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Beauty Dyson Supersonic: A Good Day

Dyson Supersonic: A Good Day

Dyson Supersonic: A Good Day
By Philippine Tatler
November 28, 2018
The Dyson Supersonic is the most advanced hairdryer model currently available in the market, making for a more efficient user experience

Long regarded as a top styling essential, the hairdryer has been a staple on almost every woman’s vanity. Despite coming a long way from the non-portable version—it consisted of a bonnet attached to the pipe of a gas stove—designed by French hairstylist Alexander Godefroy in 1890, the conventional hairdryer still has a long way to go. Dyson’s engineers worked to solve these issues (device bulkiness, heat damage, the risk of hair being sucked into the filtre), eventually coming up with the Dyson Supersonic, a lightweight model that utilises a fast, focused airflow and is equipped with intelligent temperature control that helps protect the hair.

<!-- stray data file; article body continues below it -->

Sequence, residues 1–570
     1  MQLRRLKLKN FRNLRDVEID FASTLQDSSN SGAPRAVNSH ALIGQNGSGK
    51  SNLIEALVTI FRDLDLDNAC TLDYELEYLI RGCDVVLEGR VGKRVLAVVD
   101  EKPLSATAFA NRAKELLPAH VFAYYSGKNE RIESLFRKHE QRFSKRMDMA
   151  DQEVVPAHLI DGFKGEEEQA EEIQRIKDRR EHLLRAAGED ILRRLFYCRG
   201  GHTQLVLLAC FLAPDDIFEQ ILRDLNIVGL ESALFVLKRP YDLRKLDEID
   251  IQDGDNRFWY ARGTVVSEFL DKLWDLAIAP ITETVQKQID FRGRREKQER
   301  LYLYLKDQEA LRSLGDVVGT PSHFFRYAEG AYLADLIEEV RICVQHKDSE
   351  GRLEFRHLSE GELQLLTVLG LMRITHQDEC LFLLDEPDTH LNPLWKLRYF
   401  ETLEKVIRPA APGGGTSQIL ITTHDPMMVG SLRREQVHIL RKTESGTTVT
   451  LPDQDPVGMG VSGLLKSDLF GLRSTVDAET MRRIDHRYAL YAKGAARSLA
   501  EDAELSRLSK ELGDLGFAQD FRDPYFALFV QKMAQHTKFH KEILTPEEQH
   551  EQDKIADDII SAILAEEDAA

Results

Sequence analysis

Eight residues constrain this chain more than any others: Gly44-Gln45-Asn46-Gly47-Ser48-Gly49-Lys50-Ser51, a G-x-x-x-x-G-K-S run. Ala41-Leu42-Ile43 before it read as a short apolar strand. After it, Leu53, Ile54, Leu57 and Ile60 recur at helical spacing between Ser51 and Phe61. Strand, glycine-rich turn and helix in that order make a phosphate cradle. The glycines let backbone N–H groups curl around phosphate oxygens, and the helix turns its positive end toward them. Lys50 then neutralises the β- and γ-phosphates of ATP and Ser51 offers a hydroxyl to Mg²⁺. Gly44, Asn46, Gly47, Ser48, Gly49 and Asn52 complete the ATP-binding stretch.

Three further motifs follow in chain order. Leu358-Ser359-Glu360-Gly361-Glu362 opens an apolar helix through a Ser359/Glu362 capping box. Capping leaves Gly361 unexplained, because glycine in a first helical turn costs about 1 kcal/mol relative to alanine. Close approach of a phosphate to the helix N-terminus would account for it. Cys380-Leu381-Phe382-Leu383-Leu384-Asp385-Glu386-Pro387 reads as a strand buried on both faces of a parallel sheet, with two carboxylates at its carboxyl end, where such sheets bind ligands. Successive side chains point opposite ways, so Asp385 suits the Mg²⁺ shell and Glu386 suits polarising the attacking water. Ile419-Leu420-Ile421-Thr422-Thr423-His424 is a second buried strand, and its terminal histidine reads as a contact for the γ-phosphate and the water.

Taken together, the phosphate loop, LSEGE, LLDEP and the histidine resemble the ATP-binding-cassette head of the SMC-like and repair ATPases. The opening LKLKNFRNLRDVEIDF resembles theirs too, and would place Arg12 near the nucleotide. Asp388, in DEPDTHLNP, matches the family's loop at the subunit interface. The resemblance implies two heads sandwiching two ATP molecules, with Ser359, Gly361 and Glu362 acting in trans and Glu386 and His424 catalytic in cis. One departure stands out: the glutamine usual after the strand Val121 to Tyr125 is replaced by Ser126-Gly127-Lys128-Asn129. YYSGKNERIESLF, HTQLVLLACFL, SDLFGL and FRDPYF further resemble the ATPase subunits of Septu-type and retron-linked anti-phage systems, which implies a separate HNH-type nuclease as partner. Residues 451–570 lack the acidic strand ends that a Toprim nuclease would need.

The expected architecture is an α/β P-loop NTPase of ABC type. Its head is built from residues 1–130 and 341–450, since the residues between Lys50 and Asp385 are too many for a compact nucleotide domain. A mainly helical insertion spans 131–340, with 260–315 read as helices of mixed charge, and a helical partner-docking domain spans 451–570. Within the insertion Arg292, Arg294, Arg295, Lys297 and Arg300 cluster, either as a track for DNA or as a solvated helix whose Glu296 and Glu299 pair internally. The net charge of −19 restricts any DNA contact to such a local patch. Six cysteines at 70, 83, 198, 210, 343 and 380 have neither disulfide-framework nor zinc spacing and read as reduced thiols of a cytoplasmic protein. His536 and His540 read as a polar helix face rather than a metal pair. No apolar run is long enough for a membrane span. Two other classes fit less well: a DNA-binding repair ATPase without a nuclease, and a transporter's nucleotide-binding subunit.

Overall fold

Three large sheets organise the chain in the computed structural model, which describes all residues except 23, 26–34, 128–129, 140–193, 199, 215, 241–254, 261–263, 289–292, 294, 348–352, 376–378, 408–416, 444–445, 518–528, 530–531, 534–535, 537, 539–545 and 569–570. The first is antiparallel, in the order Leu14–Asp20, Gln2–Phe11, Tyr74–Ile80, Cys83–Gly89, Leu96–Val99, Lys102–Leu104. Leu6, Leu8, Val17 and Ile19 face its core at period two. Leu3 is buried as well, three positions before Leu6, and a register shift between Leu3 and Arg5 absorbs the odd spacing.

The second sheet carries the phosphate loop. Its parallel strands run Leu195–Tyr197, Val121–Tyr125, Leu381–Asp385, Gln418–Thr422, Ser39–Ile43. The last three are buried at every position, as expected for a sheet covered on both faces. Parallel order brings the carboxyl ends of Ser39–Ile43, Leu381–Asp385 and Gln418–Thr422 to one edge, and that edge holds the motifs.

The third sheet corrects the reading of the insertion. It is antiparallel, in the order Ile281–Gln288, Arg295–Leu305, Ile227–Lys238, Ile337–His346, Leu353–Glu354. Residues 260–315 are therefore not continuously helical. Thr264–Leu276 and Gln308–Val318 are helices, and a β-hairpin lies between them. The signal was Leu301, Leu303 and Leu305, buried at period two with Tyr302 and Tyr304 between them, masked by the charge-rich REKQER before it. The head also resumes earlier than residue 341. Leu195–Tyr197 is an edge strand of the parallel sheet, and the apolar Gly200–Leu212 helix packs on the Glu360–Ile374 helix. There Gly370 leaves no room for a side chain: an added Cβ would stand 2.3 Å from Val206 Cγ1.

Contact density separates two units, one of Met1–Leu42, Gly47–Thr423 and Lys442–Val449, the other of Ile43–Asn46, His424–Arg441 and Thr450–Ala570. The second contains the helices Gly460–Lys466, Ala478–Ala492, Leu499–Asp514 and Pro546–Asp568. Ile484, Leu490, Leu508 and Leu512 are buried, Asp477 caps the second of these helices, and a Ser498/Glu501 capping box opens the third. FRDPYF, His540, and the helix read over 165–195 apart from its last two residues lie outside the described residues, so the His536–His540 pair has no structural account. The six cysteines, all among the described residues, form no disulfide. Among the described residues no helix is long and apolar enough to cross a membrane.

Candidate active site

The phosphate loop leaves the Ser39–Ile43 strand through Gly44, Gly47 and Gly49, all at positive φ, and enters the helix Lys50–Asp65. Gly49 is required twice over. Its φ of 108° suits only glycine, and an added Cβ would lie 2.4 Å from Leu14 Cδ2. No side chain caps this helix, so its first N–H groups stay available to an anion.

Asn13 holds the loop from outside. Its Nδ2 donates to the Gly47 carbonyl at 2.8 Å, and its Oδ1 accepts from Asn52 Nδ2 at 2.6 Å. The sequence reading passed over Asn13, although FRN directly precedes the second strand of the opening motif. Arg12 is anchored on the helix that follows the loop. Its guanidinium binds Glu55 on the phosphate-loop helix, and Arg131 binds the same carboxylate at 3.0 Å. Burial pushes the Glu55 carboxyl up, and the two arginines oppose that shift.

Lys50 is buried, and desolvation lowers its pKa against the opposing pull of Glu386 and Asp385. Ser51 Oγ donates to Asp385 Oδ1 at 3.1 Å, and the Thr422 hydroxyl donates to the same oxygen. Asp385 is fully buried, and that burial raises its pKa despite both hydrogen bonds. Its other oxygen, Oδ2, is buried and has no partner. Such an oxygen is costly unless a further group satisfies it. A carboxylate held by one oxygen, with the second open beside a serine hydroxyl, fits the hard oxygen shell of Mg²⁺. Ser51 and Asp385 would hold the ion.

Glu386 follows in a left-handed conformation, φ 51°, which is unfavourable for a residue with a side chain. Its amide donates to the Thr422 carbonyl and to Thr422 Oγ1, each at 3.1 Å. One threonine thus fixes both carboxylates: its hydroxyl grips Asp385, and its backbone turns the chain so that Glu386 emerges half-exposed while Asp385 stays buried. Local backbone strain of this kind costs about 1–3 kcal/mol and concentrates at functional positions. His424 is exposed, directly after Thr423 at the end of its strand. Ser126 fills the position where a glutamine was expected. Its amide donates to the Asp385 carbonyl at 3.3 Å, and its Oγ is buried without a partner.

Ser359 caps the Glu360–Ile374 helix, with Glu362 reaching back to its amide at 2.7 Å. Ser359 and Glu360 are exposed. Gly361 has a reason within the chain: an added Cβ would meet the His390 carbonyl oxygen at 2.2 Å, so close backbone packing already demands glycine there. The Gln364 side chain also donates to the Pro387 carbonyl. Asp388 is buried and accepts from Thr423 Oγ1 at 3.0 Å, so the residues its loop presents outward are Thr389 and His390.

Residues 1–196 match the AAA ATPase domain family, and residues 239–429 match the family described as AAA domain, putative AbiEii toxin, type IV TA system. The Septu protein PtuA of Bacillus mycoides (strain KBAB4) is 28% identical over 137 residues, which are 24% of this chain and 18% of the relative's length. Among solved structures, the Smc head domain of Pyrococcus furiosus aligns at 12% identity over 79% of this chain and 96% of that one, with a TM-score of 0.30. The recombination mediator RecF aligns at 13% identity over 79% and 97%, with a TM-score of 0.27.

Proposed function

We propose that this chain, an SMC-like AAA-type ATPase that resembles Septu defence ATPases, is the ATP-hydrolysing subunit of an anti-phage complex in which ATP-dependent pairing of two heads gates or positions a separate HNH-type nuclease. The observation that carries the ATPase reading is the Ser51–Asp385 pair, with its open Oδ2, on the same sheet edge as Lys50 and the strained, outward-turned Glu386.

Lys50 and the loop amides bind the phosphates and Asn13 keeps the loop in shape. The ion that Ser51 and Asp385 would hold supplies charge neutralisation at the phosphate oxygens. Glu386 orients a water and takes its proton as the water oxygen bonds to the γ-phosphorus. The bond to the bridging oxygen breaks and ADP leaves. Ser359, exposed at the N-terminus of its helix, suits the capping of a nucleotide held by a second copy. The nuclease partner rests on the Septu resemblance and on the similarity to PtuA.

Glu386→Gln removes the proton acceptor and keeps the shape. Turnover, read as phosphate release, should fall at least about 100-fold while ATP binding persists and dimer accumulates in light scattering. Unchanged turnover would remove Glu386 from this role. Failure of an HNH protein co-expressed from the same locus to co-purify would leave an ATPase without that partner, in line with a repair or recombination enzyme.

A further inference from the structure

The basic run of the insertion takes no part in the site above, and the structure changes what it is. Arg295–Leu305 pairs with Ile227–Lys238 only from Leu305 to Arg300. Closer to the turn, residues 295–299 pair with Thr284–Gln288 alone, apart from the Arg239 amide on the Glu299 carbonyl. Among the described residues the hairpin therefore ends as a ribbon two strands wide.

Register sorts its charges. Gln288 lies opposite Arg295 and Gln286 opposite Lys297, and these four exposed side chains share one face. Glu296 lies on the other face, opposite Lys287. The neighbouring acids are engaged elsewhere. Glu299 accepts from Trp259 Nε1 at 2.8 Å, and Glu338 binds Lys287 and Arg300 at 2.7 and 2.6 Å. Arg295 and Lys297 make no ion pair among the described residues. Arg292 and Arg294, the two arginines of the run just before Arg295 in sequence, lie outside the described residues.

The Dyson Supersonic inBlack
The Dyson Supersonic inBlack

It took the company several years to properly develop and test the Dyson Supersonic in its state-of-the-art laboratory. The dryer is powered by the Dyson digital motor V9, the company’s most advanced mechanism, running up to eight times faster than that of other hairdryers. Its compactness allows for it to be placed in the handle rather than the head, making the dryer lighter and less cumbersome to maneouvre. Dyson’s patented Air Multiplier technology helps regulate the airflow, creating a controlled jet of air that assists drying and styling. A glass bead thermistor measures temperature 20 times per second, transmitting it to the microprocessor that regulates the heat expelled from the  device. In addition, the Dyson Supersonic has four heat settings, three airflow settings, as well as a cold shot. 

Noise reduction is also one of the hallmarks of this device. A team of aero-acoustic engineers discovered that inserting a component called the axial flow impeller into the motor effectively reduces turbulence and swirling. By adding an extra two blades (the usual number of motor impeller blades is 11), the sound frequency drops to a range that is barely audible to the human ear.

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